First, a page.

Montreal is demanding more openness from the Quebec government in order to integrate high-altitude schools – such as those with a playground on the roof – into the dense neighborhoods of the metropolis.
Posted at 5:00 am
The Plante administration will send a half-hearted response to the Montreal School Service Center’s (CSSDM) request for land to build new schools, according to a municipal document released Thursday. The city does not have large areas in its central districts to build schools with the same characteristics as in the suburbs or in the countryside, Montreal argues in its document.
“The city expects it […] The CSSDM is responsible for their space requirements and can better integrate them into Montreal’s living environment, the municipal document said. These environments are based on the merging of spaces and functions in a context of increased density. »
In an interview with La Presse, Robert Beaudry, elected chief of town planning in the Plante administration, argues that school boards need to be more open-minded.
Schools are currently being set up [avec] very few floors and a large courtyard. We agree, it’s difficult in an already built sector. What we’re saying to ourselves is, ‘Is there a way to take courses on the roof? Servitude approaches [où un parc municipal servirait de cour d’école] ? Schools on several floors?”
Robert Beaudry, in charge of urban planning for the city of Montreal
It is the “model of the Montreal school of tomorrow,” assures the administration.
“When you get downtown, where the value per square foot is exponential, where you have to try to make it profitable and use it to the maximum, especially since the needs are very, very great. Can we have innovative school models? “, he added. “In New York, rooftop schoolyards are pretty commonplace. »
Currently, the CSSDM wants to build schools that do not exceed 4 floors “to facilitate active travel and avoid the regulatory restrictions associated with a high-rise building and the mandatory inspections of facades of 5 floors and more,” the organization indicates in a document that is sent to the City of Montreal.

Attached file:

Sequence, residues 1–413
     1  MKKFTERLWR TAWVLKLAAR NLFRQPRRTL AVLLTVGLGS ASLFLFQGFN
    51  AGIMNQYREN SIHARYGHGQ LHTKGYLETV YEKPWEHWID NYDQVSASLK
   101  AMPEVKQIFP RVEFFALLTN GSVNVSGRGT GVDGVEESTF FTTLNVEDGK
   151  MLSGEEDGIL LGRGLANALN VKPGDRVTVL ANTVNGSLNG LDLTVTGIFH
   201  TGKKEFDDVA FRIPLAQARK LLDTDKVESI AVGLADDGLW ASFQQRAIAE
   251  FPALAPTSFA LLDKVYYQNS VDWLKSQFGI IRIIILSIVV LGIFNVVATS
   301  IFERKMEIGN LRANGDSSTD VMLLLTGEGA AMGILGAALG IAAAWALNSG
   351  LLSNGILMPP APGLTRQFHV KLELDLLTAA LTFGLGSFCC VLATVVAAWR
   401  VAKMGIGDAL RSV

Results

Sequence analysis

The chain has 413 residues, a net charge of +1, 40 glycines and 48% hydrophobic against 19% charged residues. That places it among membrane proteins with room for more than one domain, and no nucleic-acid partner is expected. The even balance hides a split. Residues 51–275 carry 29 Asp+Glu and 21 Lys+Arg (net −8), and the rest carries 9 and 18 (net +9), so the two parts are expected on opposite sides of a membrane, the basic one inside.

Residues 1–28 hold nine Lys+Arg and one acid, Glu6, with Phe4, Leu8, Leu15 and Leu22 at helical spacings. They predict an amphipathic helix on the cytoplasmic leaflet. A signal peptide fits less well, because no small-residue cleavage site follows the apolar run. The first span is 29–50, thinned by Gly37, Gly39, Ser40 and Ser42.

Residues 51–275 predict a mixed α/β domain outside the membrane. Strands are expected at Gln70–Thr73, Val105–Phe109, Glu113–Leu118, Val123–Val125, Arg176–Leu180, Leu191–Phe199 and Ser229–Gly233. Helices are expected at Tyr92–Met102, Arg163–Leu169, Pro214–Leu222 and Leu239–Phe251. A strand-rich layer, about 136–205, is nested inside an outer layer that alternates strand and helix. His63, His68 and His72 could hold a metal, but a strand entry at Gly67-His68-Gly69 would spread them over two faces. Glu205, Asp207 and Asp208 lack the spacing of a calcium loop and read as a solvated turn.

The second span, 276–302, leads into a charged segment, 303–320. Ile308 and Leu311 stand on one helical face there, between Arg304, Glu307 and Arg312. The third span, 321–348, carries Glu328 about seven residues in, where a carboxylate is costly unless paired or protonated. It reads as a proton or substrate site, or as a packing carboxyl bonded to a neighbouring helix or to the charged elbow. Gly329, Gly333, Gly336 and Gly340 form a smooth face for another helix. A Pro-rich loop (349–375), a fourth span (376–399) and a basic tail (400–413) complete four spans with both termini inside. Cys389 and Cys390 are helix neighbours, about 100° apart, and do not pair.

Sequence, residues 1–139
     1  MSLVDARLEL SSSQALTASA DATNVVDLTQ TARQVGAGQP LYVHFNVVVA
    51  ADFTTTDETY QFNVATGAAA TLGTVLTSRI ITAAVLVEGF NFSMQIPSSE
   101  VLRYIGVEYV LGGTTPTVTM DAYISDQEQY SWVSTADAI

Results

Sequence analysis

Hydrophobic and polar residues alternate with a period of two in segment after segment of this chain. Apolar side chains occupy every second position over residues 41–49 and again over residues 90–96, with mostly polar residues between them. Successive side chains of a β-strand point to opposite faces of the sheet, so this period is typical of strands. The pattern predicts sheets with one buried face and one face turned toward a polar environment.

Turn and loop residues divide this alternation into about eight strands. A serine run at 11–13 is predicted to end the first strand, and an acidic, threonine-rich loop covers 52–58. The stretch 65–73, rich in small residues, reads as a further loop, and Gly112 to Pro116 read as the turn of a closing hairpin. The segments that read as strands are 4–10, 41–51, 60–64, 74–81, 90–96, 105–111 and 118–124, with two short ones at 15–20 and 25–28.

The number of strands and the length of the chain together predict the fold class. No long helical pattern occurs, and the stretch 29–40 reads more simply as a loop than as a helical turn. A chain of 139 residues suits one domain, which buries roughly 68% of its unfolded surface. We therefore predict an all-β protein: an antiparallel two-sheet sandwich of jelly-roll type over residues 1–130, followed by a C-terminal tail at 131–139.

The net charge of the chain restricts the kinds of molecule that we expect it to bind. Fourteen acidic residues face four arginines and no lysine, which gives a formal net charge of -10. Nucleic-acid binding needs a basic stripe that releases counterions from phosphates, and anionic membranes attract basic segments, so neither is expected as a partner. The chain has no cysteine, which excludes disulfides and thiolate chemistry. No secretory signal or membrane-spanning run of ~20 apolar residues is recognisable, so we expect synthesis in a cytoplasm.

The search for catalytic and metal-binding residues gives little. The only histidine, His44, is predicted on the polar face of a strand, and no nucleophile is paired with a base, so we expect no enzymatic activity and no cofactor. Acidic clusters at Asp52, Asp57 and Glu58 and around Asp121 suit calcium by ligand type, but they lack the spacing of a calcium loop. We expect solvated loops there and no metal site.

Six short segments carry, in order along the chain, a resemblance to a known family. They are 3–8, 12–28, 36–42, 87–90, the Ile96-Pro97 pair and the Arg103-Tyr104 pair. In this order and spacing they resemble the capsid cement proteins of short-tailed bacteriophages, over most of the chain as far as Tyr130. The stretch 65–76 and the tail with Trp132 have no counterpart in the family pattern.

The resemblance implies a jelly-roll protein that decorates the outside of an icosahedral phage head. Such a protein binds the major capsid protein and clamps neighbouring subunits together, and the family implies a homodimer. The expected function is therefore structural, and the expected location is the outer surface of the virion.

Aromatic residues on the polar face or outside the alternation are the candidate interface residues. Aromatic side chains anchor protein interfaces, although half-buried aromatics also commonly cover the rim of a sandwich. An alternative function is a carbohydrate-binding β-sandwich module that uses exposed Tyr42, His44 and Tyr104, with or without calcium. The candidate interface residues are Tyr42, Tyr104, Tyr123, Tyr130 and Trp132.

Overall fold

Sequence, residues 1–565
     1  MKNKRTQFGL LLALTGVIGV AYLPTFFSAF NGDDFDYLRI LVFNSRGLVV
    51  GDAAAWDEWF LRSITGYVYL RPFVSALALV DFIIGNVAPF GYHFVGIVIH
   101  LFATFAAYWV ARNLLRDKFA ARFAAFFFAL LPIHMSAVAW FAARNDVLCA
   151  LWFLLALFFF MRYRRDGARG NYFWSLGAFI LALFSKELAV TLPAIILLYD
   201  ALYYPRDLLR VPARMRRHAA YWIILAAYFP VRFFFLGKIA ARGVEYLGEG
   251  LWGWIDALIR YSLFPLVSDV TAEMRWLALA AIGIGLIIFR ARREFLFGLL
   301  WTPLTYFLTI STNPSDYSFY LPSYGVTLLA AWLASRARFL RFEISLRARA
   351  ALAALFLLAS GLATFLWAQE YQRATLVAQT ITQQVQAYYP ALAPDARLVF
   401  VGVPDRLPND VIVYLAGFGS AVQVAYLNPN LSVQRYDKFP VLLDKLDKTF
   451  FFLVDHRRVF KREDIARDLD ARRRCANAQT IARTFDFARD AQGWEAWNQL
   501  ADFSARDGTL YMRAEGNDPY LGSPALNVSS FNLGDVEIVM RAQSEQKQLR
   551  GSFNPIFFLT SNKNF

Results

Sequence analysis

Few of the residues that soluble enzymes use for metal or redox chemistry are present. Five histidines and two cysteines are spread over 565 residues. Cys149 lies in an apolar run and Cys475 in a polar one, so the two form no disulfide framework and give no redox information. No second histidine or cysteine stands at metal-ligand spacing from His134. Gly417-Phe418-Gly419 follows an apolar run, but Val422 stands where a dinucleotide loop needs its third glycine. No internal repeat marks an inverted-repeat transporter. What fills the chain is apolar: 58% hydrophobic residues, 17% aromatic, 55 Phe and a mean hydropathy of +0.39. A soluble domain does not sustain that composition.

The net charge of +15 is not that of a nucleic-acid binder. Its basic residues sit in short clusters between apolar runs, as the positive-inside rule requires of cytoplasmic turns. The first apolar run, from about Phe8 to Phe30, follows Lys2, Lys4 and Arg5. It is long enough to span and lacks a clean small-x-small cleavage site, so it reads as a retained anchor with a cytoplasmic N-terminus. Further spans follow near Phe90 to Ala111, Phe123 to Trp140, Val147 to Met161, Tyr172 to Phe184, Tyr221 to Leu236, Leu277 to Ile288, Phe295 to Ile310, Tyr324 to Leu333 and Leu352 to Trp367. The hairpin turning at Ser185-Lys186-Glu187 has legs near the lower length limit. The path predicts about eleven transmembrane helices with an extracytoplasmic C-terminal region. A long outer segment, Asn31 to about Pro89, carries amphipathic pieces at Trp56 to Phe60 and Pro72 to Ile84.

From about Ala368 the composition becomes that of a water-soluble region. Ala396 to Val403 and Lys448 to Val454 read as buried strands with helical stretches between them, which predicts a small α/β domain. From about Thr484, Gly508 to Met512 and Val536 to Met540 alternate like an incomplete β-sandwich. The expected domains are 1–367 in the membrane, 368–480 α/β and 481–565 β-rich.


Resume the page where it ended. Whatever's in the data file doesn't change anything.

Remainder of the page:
The CSSDM did not immediately respond to the issue.
Since 2020 and the abolition of school boards, it is up to municipalities to identify and prepare land for future Quebec schools according to the general needs expressed by school service centers.
Therefore, the CSSDM wrote to the City of Montreal last November to ask them to identify and prepare ten sites by 2025 to build as many schools there – nine elementary schools and one secondary school.
On the menu: already planned projects such as the new downtown elementary school (on the site of the Grand Séminaire) and in Griffintown. But also requests for two plots of land in the racecourse area (a primary school and a secondary school are planned), a plot of land in the Louvain Est sector and a plot of land near the current Saint-Denis bus garage in La Petite-Patrie.
According to Robert Beaudry, the CSSDM is putting the cart before the horse with these applications: Although these three areas have been promised, the apartments will not be built out of the ground in the short term.
“The city is striving to incorporate these needs into the planning of these sectors,” states Montreal.